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Stephanie Sutton was an assistant editor at Pharmaceutical Technology Europe.
The pharmaceutical industry has been called to action by a new report that highlights the health and cost repercussions of patient noncompliance. According to Capgemini?s report, Patient Adherence: The Next Frontier in Patient Care, patient adherence to medications for chronic conditions, such as HIV and Arthritis, averages at only 50%.
The pharmaceutical industry has been called to action by a new report that highlights the health and cost repercussions of patient noncompliance. According to Capgemini’s report, Patient Adherence: The Next Frontier in Patient Care, patient adherence to medications for chronic conditions, such as HIV and Arthritis, averages at only 50%.
“[A]lmost all chronic conditions face high rates of nonadherence and those with no visible symptoms, such as depression, have the lowest adherence rates. The problem even extends to oral formulation chemotherapy drugs, where one would not expect to encounter patient adherence issues due to the seriousness of the condition. As much as 40% of cancer patients are nonadherent in this case,” says the report.
The report estimates that patient nonadherence to prescribed medicine courses is responsible for 194,500 deaths per year in the European Union (EU) and 131,400 deaths per year in the United States. Nonadherence results in annual costs of close to EUR 125 billion in the EU and $300 billion in the US, according to the report.
The report makes several recommendations to improve patient adherence. However, the report also explains that it is a difficult issue to tackle, even with patient-adherence programs.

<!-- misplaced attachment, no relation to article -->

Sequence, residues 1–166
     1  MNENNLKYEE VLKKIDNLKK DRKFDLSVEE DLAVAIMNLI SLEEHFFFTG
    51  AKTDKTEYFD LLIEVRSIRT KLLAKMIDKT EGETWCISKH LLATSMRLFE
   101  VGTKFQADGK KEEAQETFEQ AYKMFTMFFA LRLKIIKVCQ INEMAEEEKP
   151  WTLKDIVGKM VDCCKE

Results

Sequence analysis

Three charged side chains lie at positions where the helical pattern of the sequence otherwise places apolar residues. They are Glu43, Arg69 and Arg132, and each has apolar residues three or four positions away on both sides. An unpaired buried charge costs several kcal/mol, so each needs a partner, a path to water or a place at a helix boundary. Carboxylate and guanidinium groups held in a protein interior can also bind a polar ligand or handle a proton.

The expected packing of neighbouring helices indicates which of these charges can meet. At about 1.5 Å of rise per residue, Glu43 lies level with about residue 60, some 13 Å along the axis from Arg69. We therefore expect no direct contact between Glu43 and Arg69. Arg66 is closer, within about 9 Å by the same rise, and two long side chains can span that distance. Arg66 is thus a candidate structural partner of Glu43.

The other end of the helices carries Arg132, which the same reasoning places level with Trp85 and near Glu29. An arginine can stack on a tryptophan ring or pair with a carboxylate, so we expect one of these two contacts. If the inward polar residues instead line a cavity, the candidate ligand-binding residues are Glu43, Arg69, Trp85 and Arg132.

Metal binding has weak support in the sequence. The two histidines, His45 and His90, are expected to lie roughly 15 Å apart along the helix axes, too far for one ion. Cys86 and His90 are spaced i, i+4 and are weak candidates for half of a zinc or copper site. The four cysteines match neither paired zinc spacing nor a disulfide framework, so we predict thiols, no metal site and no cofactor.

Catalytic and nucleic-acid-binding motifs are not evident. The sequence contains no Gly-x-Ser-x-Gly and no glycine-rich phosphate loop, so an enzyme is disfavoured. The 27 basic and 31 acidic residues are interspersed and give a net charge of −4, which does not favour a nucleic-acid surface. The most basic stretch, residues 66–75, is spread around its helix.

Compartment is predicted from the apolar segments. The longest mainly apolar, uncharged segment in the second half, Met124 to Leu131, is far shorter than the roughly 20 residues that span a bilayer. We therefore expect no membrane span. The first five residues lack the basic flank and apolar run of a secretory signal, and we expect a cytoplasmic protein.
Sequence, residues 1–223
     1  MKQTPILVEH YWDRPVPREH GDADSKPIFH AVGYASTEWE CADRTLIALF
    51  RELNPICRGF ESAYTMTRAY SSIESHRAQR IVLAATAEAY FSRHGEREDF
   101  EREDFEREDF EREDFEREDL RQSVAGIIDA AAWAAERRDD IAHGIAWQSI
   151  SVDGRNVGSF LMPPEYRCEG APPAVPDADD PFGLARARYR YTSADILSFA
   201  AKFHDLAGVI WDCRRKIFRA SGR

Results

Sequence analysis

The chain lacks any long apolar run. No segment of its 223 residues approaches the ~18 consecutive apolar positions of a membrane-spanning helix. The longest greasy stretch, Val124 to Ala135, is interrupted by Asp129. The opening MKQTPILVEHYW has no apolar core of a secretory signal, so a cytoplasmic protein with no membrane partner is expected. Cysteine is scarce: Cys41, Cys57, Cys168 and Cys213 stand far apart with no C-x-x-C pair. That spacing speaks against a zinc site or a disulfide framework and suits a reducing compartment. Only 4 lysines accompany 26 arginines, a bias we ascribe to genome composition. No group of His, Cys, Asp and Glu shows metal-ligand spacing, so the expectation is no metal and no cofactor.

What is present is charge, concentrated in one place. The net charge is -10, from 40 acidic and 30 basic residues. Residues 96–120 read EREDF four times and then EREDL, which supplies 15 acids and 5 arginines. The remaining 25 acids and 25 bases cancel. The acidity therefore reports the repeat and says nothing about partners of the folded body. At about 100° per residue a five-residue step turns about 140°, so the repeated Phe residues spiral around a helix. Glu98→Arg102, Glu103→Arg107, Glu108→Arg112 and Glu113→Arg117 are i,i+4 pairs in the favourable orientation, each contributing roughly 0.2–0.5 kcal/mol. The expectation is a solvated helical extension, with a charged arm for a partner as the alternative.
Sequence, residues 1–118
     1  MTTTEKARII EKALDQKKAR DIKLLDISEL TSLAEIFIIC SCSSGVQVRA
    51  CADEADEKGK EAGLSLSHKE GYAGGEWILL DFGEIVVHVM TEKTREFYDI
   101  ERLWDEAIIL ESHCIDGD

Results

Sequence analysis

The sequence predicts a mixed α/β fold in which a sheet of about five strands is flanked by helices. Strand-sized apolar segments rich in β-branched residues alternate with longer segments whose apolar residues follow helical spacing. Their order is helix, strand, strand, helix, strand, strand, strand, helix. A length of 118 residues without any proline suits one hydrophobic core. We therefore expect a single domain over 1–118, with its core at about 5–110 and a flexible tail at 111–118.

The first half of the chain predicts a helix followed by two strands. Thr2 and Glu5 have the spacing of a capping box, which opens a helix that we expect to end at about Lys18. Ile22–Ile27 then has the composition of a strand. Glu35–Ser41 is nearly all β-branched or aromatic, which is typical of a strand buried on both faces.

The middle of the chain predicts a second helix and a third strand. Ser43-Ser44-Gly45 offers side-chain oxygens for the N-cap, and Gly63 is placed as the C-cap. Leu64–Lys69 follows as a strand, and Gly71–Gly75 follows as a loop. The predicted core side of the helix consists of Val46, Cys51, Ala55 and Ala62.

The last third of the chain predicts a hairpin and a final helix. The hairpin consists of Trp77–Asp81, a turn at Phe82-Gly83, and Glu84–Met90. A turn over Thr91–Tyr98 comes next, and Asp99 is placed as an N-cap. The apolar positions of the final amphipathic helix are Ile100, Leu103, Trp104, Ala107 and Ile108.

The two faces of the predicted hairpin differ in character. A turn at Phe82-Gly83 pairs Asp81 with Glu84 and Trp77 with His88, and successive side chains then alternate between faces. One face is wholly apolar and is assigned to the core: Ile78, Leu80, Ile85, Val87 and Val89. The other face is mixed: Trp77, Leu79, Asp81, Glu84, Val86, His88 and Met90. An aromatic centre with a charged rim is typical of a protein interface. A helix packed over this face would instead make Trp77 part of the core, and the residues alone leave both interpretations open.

“Patient adherence is difficult to address because each situation is specific, based on patient behaviors, or the condition he or she is being treated for,” says the report. “The healthcare system does not have aligned incentives for all stakeholders to monitor and improve treatment adherence. Poor understanding of patient needs and behaviors, insufficient prioritization or siloed approaches can hold back programs helping patients undergo complete, on-time, and at-prescribed-dosage courses of medication.”
One of the recommendations is for the healthcare industry to take advantage of new digital health media tools, such as digitalized patient records and information sharing through the Internet, which will enable healthcare stakeholders to manage information effectively, identify points where adherence ceases, and help create programs to address them.
The pharmaceutical industry has also been urged to take action. The report suggests considering patient adherence early in development as a strategic issue that is part of the product-value proposition.
“The pharmaceutical industry needs to address patient adherence in a more strategic and integrated part of its activities, which will be good for the patients and for the industry overall,” Jean-Marc Neimetz, global leader of the life-sciences practice at Capgemini Consulting, said in a statement.
Thomas Forissier, a principal of the life-sciences practice, Capgemini Consulting, added, “Pharmaceutical companies need to design and deploy programs targeted to the very specific patient situations and leverage both traditional and digital approaches to do so.”